I immediately became suspicious with her doctor for pain management when I started asking for her diagnosis and received no real answers.  After some research, I found out that my MIL had been prescribed narcotic medication by a doctor in another state because of a diagnosis of “severe spinal degeneration” by a chiropractor.

Confused?

So was I.

I asked for tests to be run to determine if this treatment was even necessary. Her doctor indignantly refused.

I got a referral for another doctor who found that no x-rays, scans, or even blood work had ever been done. After his own tests, he determined she has minor arthritis on her hips that can be treated by over-the-counter ibuprofen.

Keep in mind that while your doctor may not truly have any malicious intent, they are not all knowing and will make mistakes. Be proactive in your healthcare by asking questions.

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When Your Time is Not Respected

While it is understandable that emergencies arise and “things” happen even to doctors, your time is valuable too.

When we finally made the decision to switch doctors, the clinic had sent out a notice that said doctors were allotted a maximum 15 minutes of patient time for regular appointments.

Fifteen minutes to examine, consult, diagnose, AND treat.

Additionally, they began to encourage us to email our doctor our concerns (for a “nominal” fee, of course) and avoid visits all together.

If we were able to make an appointment, the wait time was easily over an hour and anyone who has ever sat in a waiting room with someone who has Dementia or small children knows that that’s just not going to go well.

This respect of time is a two-way street and you should also extend the same courtesy to your doctor. Be prepared when you get to your appointment so you are not wasting his/her valuable time. Be on time for your appointment. If you know you are going to be late, make sure you call the clinic and offer to reschedule. I have never had to reschedule when I call as they are able to quickly move things around when they know they need too.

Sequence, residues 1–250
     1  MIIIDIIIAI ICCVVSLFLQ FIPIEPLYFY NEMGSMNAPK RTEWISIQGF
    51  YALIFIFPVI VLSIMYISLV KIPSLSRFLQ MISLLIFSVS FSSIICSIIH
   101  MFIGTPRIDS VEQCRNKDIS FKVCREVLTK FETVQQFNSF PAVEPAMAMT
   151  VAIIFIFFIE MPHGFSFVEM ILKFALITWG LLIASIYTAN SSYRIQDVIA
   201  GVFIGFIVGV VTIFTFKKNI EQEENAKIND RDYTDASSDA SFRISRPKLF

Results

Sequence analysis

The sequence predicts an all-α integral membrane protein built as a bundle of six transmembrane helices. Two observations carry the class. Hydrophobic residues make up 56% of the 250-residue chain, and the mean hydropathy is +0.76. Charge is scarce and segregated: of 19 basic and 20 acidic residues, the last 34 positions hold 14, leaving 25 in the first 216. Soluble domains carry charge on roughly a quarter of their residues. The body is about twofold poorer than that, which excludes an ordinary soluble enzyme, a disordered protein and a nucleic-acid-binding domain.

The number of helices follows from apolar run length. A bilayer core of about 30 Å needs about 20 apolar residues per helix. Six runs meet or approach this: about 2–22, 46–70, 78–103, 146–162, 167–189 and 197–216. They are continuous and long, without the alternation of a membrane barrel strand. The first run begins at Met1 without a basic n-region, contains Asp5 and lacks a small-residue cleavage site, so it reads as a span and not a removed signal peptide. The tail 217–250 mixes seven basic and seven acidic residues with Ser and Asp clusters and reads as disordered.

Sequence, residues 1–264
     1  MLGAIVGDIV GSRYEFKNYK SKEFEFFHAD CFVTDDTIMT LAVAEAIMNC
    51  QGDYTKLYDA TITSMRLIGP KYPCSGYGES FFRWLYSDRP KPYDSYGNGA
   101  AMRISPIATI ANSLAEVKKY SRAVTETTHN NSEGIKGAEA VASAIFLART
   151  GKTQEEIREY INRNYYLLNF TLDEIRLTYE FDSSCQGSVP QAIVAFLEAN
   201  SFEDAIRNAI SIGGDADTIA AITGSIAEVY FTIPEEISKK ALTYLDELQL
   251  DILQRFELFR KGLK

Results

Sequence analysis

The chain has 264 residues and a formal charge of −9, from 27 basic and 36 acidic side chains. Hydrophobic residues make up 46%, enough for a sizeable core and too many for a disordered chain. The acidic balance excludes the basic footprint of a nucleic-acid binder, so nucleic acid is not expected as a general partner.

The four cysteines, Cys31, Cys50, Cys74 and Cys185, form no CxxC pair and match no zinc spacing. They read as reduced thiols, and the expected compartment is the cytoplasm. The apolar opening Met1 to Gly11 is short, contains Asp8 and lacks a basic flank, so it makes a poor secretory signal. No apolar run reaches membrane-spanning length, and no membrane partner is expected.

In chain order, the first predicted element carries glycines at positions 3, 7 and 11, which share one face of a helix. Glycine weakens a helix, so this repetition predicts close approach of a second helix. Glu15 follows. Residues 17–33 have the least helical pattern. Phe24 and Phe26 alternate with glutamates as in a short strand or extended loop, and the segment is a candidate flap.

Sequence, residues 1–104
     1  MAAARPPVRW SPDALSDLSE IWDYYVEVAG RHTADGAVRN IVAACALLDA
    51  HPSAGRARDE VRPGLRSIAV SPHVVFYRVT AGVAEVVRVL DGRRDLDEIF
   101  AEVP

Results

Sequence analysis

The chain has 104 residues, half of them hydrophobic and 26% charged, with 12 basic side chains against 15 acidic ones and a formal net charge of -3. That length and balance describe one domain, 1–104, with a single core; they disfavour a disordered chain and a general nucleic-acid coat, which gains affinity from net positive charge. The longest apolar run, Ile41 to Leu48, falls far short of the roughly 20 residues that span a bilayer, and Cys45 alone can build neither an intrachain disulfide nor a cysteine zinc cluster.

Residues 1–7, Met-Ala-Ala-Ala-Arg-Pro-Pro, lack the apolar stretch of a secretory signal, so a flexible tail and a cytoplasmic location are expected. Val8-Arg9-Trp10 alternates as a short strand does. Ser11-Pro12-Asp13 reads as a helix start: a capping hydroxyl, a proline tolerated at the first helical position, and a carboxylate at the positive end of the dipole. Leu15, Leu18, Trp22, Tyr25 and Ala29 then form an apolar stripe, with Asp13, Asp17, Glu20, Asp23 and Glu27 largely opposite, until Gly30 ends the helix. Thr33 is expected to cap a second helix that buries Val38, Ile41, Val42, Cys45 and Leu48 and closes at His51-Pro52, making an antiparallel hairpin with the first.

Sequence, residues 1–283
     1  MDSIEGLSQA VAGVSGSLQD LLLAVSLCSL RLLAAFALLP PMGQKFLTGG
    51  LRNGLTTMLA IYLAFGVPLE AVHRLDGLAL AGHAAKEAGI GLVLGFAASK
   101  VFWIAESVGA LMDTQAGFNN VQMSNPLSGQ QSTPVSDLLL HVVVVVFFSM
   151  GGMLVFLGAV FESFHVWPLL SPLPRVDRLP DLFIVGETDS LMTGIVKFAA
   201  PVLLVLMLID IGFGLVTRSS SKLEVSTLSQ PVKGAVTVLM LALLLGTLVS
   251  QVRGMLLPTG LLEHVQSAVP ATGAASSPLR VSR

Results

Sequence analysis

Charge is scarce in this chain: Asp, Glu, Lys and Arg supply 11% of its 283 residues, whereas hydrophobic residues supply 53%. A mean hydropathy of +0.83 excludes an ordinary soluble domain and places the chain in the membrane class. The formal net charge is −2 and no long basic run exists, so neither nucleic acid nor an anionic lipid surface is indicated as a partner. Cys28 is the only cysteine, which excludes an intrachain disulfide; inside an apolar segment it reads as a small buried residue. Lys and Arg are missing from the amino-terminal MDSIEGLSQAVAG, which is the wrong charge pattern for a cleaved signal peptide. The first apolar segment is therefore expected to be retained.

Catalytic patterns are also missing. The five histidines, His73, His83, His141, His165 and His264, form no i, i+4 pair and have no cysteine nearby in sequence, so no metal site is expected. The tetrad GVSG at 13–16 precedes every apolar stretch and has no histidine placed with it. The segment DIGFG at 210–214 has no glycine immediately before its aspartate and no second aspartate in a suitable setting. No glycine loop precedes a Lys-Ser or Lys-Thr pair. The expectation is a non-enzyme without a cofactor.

Trust Your Instincts

Finally, when trying to decide if you should find a new doctor always trust your instincts. Even if you can’t “put your finger” on why you feel like you need to find a new doctor, go with your feelings. The most important part of a patient/physician relationship is trust. If you feel uneasy with your current doctor, do not hesitate to find another.

When I first began searching for a new doctor for my youngest son, I made appointments with several. While there was nothing “wrong” with the first doctor we interviewed, I just didn’t feel confident in her office. I decided to keep looking. After we found my son’s new doctor, she said everything the first one had. While I couldn’t pinpoint it’s source, I couldn’t shake my discomfort and went with the doctor I felt confident with.

I knew that if I took my son to a doctor I wasn’t comfortable with, even if there is nothing really wrong with the doctor, my son would not be receiving the care he needs and deserves because of my discomfort.

How to find a new doctor

  1. Check with your insurance for the covered providers in your area.
  2. With that list in hand, ask your friends and local social media groups for their recommendations and experiences. You should also do an online search to see if anything alarming pops up.
  3. Get a complete copy of your medical records.
  4. Prepare a list of questions to ask and schedule an initial consultation. Think of it as an interview.

You have a right to quality health care where you trust and respect your doctor. You should be able to feel confident that he/she will take the time to answer your questions and listen to your concerns. As the person you trust most with your health, you should feel comfortable with your doctor. Don’t be afraid to question, seek a second opinion, and when necessary, find a new doctor.

Did you like this post? Have you ever had to find a doctor? Let me know in the comments below!

Empowering women to THRIVE in their multi-generational homes.